The children mostly used scissors instead of the cutters. They preferred the less-sharp familiar tool. Initially I thought younger children would only use cereal box type cardboard, keeping the corrugated cardboard for older children. All ages impressed me with their willingness to work hard to shape corrugated cardboard.
The project of making “something” using cardboard gave children an open-ended challenge. Miniature stage scenes, cozy kitty boxes, arcade games, a model kayak, figure with movable limbs, and a fort were structures designed and built, but not perfected over the week.
On the fourth day I challenged the older children to design and build for another person. Each child wrote a note describing and/or drew a picture of an object or structure they would like someone else to build for them. The papers went into a bowl and then each child drew one out to work on. This is when children’s communication and attention to ethical considerations were evident. They had to interpret the notes to meet the needs of their “clients.”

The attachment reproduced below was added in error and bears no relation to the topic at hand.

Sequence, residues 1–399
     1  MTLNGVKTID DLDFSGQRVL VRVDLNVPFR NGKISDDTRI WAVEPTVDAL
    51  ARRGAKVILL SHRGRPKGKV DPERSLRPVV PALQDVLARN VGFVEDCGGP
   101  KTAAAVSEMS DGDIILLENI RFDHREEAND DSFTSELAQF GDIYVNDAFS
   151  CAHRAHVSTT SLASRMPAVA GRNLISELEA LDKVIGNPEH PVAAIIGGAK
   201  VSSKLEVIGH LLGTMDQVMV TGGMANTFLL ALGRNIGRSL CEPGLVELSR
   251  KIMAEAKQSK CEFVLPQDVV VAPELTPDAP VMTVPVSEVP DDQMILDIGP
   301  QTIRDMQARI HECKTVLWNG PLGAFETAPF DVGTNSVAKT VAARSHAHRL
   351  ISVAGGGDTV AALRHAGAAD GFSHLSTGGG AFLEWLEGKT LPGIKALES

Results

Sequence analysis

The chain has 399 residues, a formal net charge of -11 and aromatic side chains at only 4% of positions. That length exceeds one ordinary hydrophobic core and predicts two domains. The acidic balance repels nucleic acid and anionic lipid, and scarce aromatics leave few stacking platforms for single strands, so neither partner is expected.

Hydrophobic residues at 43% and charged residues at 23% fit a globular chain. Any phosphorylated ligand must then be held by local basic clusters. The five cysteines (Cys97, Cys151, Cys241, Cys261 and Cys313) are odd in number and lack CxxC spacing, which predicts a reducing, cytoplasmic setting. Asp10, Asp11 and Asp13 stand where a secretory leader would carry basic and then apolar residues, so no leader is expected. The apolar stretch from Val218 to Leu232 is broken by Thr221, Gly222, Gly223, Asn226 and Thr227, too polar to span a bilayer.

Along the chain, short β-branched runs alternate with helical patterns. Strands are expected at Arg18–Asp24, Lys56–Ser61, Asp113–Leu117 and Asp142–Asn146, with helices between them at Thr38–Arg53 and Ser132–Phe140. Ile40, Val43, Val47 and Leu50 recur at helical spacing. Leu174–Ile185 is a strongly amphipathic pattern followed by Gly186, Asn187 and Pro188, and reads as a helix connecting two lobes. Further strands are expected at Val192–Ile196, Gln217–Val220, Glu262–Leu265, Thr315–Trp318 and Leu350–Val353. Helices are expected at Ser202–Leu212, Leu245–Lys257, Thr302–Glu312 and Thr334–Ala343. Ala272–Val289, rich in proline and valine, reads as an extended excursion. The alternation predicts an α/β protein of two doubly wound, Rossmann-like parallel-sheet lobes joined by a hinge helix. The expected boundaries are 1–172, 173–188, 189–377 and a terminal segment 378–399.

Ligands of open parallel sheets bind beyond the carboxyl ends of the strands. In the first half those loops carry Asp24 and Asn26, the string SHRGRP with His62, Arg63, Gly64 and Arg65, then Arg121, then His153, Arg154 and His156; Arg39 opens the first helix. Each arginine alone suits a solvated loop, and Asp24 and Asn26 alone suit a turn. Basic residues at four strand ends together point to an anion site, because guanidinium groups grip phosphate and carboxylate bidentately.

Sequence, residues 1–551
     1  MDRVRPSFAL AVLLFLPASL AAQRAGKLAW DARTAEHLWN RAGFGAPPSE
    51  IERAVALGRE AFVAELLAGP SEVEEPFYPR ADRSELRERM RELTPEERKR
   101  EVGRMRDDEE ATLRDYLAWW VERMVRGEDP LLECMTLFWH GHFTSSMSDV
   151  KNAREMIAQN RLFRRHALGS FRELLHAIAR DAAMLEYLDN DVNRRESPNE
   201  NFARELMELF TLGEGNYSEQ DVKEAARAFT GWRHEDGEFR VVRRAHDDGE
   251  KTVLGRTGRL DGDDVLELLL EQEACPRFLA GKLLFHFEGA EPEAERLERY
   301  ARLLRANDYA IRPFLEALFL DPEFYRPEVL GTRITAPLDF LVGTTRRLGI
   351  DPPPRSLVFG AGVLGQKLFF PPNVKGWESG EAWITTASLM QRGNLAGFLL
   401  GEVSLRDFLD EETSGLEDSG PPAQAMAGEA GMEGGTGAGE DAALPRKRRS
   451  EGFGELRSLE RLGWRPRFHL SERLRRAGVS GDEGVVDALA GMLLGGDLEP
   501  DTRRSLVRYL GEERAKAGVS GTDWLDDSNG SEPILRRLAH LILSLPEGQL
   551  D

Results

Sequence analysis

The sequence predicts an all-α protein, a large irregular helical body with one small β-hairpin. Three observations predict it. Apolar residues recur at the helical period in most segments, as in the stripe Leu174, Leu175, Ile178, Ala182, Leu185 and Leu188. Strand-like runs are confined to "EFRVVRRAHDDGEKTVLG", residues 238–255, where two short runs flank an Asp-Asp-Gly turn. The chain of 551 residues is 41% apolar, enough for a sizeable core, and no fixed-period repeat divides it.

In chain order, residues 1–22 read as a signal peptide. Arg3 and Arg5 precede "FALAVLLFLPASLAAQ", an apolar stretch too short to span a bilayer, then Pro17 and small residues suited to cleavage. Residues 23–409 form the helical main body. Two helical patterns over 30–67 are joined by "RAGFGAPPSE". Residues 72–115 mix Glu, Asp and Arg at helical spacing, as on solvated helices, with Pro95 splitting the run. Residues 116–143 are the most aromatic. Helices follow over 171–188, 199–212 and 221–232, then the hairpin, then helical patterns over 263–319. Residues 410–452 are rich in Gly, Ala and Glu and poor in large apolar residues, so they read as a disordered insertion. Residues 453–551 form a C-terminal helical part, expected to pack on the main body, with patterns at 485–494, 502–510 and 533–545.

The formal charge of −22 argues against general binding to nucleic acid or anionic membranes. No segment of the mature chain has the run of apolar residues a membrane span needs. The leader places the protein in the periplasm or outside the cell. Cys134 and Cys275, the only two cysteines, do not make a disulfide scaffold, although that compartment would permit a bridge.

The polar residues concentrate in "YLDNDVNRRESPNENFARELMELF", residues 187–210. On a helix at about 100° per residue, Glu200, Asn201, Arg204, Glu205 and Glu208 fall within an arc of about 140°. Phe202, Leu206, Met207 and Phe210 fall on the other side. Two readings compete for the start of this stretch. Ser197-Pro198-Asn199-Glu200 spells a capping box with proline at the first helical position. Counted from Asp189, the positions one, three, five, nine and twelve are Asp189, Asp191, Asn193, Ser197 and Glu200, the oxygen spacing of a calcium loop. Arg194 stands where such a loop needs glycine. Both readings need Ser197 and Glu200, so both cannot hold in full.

One child’s request detailed a television with remote. The engineer interpreted the design to include a moveable image to appear when the TV was “turned on.” In presenting the requested designed object to the clients the engineers demonstrated the features and discussed how the notes guided their design decisions. The children accepting the designed objects impressed me with their gracious appreciation for the work of their peers.
A classroom center for design using cardboard would provide opportunities for children to continue working on their ideas and solving problems through re-design during the school year. What do your children create with cardboard?
Engineering Habits of Mind. From STEM Learning with Young Children: Inquiry Teaching with Ramps and Pathways by S. Counsell, L. Escalada, R. Geiken, M. Sander, J.Uhlenberg, B. Van Meeteren, S.Yoshizawa, B. Zan. 2015. New York: Teachers College Press.
National Research Council (NRC). 2012. A Framework for K-12 Science Education: Practices, Crosscutting Concepts, and Core Ideas. Washington, DC: The National Academies Press. https://doi.org/10.17226/13165